Velocity Reviews > Re: substitution

# Re: substitution

Peter Otten
Guest
Posts: n/a

 01-18-2010
superpollo wrote:

> superpollo ha scritto:
>> hi.
>>
>> what is the most pythonic way to substitute substrings?
>>
>> eg: i want to apply:
>>
>> foo --> bar
>> baz --> quux
>> quuux --> foo
>>
>> so that:
>>
>> fooxxxbazyyyquuux --> barxxxquuxyyyfoo
>>
>> bye

>
> i explain better:
>
> say the subs are:
>
> quuux --> foo
> foo --> bar
> baz --> quux
>
> then i cannot apply the subs in sequence (say, .replace() in a loop),
> otherwise:
>
> fooxxxbazyyyquuux --> fooxxxbazyyyfoo --> barxxxbazyyybar -->
> barxxxquuxyyybar
>
> not as intended...

If you want to avoid regular expressions:

def replace_many(s, pairs):
if len(pairs):
a, b = pairs[0]
rest = pairs[1:]
return b.join(replace_many(t, rest) for t in s.split(a))
else:
return s

assert replace_many("abc", ["ab", "bc", "ca"]) == "bca"
assert (replace_many("fooxxxbazyyyquuux",
[("quuux", "foo"), ("foo", "bar"), ("baz", "quux")])
== "barxxxquuxyyyfoo")

Not tested.

Peter

Wyrmskull
Guest
Posts: n/a

 01-19-2010

Peter Otten wrote:

def replace_many(s, pairs):
if len(pairs):
a, b = pairs[0]
rest = pairs[1:]
return b.join(replace_many(t, rest) for t in s.split(a))
else:
return s

-------------

Proves wrong, this way x -> y -> z.
You call replace_many again on the central part of the split
Specifics indicate that x -> y in the end.
Your flowing pythonicity (if len(x) gave me lots of inspiration.
I bet this will win the prize

-------------

def mySubst(reps,string):
if not(len(reps)):
return string
a,b,c = string.partition(reps[0][0])
if b:
return mySubst(reps,a) + reps[0][1] + mySubst (reps,c)
else:
return mySubst(reps[1:],string)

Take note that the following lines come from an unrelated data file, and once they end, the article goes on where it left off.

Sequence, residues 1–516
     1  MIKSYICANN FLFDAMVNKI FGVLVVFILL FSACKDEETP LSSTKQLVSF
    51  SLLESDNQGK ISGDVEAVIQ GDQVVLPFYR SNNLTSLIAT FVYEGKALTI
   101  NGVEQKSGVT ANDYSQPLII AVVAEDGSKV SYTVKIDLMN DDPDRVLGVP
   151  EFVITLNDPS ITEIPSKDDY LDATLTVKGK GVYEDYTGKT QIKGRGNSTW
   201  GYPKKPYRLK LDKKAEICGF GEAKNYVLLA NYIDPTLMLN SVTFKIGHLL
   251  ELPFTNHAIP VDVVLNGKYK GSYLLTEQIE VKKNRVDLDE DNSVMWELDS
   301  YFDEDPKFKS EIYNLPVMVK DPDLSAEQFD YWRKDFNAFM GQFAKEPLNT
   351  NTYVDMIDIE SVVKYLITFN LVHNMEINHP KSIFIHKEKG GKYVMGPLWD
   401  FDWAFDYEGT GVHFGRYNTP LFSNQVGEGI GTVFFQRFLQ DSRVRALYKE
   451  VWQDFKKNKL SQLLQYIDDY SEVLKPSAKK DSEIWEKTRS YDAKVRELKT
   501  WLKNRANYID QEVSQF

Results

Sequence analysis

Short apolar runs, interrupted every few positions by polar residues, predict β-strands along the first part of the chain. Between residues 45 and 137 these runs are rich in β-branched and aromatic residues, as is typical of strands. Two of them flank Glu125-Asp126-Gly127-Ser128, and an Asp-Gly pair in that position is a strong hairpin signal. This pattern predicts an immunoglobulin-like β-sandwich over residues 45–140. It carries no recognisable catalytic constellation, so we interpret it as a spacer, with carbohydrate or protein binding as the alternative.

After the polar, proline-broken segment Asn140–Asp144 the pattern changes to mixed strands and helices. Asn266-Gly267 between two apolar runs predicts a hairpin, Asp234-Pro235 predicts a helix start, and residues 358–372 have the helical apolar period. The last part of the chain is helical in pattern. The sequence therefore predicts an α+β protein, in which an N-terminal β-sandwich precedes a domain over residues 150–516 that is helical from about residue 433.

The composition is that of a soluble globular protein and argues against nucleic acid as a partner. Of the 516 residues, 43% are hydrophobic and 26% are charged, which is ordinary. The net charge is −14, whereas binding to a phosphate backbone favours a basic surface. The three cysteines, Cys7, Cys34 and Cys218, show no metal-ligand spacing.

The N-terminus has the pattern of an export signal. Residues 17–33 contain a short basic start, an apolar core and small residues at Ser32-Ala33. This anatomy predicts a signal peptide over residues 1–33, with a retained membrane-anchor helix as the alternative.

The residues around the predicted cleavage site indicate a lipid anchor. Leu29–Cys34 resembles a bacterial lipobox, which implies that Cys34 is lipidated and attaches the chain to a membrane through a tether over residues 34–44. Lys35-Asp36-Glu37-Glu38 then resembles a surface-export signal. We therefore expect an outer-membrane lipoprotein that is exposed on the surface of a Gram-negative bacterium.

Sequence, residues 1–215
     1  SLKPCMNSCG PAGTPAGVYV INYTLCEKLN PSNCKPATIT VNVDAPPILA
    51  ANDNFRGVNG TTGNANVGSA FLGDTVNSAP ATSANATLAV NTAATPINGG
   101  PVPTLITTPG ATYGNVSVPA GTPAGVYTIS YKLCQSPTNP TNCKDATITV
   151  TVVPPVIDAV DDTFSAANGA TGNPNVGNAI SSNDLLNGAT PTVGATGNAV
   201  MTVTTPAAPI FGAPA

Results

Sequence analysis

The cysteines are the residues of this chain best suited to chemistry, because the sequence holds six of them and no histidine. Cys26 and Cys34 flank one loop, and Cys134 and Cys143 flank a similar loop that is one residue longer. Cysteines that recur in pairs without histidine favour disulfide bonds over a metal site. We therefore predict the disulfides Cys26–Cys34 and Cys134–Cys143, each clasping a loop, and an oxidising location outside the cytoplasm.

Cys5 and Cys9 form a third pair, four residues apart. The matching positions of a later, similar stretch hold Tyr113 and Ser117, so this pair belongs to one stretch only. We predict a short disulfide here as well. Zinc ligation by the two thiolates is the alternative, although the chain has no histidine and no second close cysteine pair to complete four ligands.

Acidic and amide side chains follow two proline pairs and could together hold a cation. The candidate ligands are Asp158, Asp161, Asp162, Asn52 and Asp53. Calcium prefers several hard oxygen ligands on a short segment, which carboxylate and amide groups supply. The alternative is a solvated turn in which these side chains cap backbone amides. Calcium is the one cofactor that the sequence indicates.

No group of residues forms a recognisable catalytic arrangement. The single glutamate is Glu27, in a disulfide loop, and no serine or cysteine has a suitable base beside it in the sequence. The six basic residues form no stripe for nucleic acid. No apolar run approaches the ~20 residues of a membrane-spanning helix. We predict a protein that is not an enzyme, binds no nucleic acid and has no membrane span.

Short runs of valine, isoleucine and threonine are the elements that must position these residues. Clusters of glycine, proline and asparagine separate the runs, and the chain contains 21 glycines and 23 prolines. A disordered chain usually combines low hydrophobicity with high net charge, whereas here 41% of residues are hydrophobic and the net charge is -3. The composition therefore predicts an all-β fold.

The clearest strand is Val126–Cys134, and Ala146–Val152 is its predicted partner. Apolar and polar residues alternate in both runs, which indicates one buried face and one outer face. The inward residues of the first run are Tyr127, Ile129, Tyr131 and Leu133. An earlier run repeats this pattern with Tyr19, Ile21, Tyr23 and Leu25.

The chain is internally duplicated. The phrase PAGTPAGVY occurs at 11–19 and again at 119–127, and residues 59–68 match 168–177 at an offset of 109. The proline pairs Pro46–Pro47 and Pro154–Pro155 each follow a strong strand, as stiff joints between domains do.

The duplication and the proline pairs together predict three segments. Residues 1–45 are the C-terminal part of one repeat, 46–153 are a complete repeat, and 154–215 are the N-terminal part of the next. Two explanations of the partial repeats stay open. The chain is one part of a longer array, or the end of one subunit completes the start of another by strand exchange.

print mySubst( ( ('foo','bar'), ('bar','qux'), ('qux','foo') ), 'foobarquxfoo')

-------
Wyrmskull <(E-Mail Removed)>

Peter Otten
Guest
Posts: n/a

 01-19-2010
Wyrmskull wrote:

> Peter Otten wrote:

>> def replace_many(s, pairs):
>> if len(pairs):
>> a, b = pairs[0]
>> rest = pairs[1:]
>> return b.join(replace_many(t, rest) for t in s.split(a))
>> else:
>> return s

> Proves wrong, this way x -> y -> z.
> You call replace_many again on the central part of the split
> Specifics indicate that x -> y in the end.

Sorry, I don't understand what you want to say with the above.

> Try with this:
>
> def mySubst(reps,string):
> if not(len(reps)):
> return string
> current = reps[0][0]
> a,b,c = string.partition(current)
> if b:
> return mySubst(reps,a) + reps[0][1] + mySubst (reps,c)
> else:
> return mySubst(reps[1:],string)
>
> print mySubst( ( ('foo','bar'), ('bar','qux'), ('qux','foo') ),
> 'foobarquxfoo')
>
> -------
> Wyrmskull <(E-Mail Removed)>

I don't see at first glance where the results of replace_many() and
mySubst() differ. Perhaps you could give an example?

Peter

PS: Please keep the conversation on-list

Peter Otten
Guest
Posts: n/a

 01-19-2010
Wyrmskull wrote:

> Your flowing pythonicity (if len(x) gave me lots of inspiration.

if len(pairs): ...

that should have been just

if pairs: ...

When I started writing the function I initially wanted to special-case
len(pairs) == 1. The len() call is a superfluous leftover.

Peter

Wyrmskull
Guest
Posts: n/a

 01-19-2010
Nvm, my bad, I misunderstood the split instruction.
No difference

-------
Wyrmskull

P.S Sorry about the P.M., I misclicked on a GUI